There's a stereotype that NBA players don't try, what with their giant, guaranteed contracts and love of parties. They are overpaid, ungrateful slobs, or something, and they could learn a thing or two about classic American gumption and grit.
That's a common perception, at least -- most NBA observers don't believe it's actually true, or at least can't talk about it for fear of losing their jobs. So it should come as something of a surprise when a coach says players around the league need to work harder.
But that's exactly what Byron Scott said about his Cavs and other teams. Waiting for Next Year has the story:
Though Scott is clear in his assertion that he should not have to remind certain players to give full effort, he admits that it is becoming more and more prevalent within the entire NBA.
"Around this league, it's like that," said Scott on Monday afternoon. "I'm sure I'm not the only coach that has to tell his guys that they have to go out and play hard every single night, ‘We have to compete tonight' and things like that. I talk to other coaches and it's almost universal, which is kind of weird. To me, that should be a part of your job, to compete and play hard every single night."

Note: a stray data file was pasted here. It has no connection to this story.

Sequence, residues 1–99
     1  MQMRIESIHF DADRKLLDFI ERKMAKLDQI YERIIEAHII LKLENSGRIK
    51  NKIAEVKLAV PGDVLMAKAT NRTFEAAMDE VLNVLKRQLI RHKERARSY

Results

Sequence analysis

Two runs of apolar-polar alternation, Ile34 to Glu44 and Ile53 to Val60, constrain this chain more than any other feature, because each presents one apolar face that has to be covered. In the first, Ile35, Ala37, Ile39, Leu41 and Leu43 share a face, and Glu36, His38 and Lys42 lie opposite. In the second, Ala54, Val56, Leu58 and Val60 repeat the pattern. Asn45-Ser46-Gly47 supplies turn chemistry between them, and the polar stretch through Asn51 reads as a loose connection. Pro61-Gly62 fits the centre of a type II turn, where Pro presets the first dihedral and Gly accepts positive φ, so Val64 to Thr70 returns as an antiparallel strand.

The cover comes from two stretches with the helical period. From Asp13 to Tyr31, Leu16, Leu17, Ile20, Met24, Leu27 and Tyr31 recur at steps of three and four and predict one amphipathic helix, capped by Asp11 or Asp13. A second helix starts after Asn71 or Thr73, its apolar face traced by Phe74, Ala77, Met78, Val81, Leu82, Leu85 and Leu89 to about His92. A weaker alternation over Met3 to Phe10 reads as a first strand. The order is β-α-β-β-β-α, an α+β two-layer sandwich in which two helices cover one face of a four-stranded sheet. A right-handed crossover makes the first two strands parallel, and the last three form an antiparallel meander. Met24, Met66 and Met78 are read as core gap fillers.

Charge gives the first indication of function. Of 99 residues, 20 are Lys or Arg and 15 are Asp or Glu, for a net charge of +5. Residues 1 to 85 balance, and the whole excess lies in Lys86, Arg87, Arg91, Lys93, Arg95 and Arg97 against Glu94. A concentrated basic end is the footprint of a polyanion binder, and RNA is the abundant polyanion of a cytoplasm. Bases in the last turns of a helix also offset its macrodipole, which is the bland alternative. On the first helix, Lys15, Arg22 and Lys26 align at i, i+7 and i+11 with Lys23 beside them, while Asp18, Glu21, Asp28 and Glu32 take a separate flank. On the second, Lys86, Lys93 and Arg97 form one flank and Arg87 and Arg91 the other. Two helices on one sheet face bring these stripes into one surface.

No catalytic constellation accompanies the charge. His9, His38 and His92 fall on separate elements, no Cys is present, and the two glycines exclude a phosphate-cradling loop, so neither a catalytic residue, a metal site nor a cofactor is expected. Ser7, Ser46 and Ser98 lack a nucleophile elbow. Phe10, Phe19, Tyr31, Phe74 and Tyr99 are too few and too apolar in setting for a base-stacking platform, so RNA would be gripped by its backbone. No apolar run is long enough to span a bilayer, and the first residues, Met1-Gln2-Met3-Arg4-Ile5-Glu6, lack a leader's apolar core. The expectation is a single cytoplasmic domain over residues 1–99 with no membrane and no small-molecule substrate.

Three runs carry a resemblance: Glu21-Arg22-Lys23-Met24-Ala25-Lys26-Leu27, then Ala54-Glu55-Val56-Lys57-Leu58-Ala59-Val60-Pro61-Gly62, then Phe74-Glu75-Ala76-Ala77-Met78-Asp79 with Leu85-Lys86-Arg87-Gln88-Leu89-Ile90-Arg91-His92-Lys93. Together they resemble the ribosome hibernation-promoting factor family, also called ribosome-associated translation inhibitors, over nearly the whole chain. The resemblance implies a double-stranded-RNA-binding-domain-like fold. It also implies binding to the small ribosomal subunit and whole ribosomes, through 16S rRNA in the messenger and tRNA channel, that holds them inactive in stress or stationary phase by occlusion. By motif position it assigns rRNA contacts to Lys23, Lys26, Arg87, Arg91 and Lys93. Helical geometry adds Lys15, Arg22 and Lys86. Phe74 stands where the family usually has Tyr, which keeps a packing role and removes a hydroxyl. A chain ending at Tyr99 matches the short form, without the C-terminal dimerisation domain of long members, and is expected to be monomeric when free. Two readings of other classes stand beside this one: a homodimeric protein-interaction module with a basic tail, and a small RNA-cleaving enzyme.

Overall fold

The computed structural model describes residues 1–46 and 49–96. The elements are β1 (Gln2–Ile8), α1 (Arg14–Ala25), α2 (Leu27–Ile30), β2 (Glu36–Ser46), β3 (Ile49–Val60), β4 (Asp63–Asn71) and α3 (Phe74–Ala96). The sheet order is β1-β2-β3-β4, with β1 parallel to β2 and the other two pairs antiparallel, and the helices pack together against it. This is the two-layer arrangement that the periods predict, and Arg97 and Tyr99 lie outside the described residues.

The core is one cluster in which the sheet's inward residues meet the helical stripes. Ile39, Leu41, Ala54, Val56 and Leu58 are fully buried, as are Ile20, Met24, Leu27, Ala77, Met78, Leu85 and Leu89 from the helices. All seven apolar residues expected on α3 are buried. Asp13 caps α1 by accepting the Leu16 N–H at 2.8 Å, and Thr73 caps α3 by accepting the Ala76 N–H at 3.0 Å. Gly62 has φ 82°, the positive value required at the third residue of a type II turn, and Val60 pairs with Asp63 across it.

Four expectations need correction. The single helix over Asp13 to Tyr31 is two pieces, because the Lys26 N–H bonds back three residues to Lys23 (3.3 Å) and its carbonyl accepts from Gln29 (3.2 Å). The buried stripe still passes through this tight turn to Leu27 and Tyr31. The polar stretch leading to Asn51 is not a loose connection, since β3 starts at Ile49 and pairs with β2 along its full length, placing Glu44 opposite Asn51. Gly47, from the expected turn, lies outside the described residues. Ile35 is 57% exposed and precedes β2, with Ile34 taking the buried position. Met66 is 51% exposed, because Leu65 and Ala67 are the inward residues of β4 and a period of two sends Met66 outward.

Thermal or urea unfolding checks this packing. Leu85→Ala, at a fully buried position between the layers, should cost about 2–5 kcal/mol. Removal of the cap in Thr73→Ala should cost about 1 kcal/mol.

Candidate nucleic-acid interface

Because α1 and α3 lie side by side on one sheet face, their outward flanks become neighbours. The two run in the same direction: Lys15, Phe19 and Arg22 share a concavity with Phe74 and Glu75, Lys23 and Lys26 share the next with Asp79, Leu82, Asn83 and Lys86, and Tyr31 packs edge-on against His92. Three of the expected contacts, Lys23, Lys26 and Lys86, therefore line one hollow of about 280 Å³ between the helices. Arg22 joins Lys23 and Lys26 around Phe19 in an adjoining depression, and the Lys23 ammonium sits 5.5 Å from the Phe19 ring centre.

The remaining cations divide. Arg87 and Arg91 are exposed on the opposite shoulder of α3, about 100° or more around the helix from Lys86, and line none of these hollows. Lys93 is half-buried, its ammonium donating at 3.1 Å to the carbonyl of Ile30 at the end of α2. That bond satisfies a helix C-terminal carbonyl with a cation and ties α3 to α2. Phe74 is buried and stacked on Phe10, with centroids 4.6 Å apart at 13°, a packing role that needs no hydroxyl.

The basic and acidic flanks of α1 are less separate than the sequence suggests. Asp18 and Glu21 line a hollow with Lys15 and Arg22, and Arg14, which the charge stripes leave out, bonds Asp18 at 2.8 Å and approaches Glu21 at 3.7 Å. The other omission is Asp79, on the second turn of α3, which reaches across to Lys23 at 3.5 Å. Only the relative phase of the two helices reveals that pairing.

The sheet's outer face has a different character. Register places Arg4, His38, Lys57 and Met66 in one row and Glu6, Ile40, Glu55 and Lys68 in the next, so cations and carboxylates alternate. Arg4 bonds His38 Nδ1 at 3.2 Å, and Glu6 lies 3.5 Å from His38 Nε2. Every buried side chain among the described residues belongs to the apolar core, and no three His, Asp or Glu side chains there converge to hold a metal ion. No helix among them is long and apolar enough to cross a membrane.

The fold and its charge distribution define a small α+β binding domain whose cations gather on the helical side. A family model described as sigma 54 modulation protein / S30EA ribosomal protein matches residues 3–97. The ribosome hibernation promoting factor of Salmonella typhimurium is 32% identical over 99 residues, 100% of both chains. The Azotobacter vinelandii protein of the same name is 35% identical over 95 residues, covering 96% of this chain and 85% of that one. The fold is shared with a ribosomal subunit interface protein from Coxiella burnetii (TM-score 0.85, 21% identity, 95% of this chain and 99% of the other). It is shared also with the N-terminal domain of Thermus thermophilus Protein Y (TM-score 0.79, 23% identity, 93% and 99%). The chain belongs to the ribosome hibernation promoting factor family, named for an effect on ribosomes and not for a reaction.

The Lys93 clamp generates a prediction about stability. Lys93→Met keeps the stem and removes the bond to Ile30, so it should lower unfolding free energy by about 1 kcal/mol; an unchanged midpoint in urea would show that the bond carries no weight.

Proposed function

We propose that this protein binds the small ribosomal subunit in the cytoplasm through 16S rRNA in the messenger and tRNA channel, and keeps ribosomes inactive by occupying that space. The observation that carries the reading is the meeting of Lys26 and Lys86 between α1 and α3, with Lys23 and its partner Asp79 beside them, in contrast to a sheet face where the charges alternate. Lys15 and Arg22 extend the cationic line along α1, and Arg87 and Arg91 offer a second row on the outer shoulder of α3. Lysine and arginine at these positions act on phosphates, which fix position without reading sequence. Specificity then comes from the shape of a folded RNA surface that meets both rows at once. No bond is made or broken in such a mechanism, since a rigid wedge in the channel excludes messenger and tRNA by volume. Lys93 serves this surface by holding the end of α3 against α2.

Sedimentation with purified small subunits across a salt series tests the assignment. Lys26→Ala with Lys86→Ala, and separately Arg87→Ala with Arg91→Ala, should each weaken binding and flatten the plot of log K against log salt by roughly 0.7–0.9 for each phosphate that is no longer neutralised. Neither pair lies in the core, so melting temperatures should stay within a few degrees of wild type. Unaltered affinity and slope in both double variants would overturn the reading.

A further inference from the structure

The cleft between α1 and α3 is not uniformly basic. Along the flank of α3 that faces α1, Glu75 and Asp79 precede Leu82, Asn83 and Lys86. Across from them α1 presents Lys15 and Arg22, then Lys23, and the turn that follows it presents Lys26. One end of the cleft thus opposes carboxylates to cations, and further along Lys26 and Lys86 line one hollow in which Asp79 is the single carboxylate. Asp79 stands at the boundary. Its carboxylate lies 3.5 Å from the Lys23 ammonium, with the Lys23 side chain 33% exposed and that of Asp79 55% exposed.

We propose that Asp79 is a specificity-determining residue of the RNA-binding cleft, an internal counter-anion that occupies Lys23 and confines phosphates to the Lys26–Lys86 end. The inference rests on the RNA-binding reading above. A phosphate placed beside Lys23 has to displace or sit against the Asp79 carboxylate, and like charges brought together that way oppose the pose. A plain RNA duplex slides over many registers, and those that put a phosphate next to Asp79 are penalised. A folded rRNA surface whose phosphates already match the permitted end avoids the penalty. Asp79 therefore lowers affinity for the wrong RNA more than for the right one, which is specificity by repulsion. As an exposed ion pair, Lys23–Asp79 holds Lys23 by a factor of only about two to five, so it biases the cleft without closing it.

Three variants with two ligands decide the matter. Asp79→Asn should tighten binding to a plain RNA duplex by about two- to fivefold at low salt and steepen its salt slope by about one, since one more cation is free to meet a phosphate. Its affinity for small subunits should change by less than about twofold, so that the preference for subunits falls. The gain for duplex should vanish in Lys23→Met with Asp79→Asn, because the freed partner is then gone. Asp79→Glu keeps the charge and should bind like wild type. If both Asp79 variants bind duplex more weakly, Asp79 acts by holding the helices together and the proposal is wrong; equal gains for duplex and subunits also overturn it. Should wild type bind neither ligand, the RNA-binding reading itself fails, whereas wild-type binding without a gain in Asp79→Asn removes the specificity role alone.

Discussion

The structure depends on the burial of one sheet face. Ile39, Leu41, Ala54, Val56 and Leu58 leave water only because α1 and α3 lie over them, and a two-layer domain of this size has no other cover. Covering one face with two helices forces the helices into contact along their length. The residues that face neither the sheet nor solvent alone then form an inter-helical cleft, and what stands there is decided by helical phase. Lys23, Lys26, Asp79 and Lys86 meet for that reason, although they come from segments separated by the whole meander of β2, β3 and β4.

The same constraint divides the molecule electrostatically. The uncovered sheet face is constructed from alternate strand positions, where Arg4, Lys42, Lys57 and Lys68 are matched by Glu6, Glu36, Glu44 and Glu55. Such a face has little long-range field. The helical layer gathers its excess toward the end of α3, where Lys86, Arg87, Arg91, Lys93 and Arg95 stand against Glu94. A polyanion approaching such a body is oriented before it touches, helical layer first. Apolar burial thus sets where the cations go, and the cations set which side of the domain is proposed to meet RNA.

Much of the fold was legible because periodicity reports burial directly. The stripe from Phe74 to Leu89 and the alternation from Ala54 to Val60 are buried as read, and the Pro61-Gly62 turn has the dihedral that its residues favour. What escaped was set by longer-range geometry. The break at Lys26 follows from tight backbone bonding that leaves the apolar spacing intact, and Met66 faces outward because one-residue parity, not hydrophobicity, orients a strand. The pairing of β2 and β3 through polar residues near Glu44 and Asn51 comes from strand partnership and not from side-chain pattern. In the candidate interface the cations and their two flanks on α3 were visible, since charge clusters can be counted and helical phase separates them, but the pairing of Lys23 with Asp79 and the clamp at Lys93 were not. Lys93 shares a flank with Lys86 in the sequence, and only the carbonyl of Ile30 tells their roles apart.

It sounds like Scott is saying today's players don't try like they did in his era, which also could be construed as the belief that the '80s were a golden age of basketball. Hey, someone with the Cavs has finally found common ground with LeBron James(notes)! We did it, guys!
I am relatively young and am not in a position to pass judgment on whether players worked harder now or 25 years ago. However, I do know that when I watch games, I see a lot of players working their tails off to win games. Some don't, certainly, but I'm sure the same was the case when Scott was suiting up for the Showtime Lakers.
Coach Scott wants his players to work harder, and that's understandable. But he -- and we -- shouldn't take a coach's motivational tactic as proof that players today need an energy boost. Every coach at every level asks his players to give all they've got. The best way to judge the true differences between players of different eras is by watching the tape.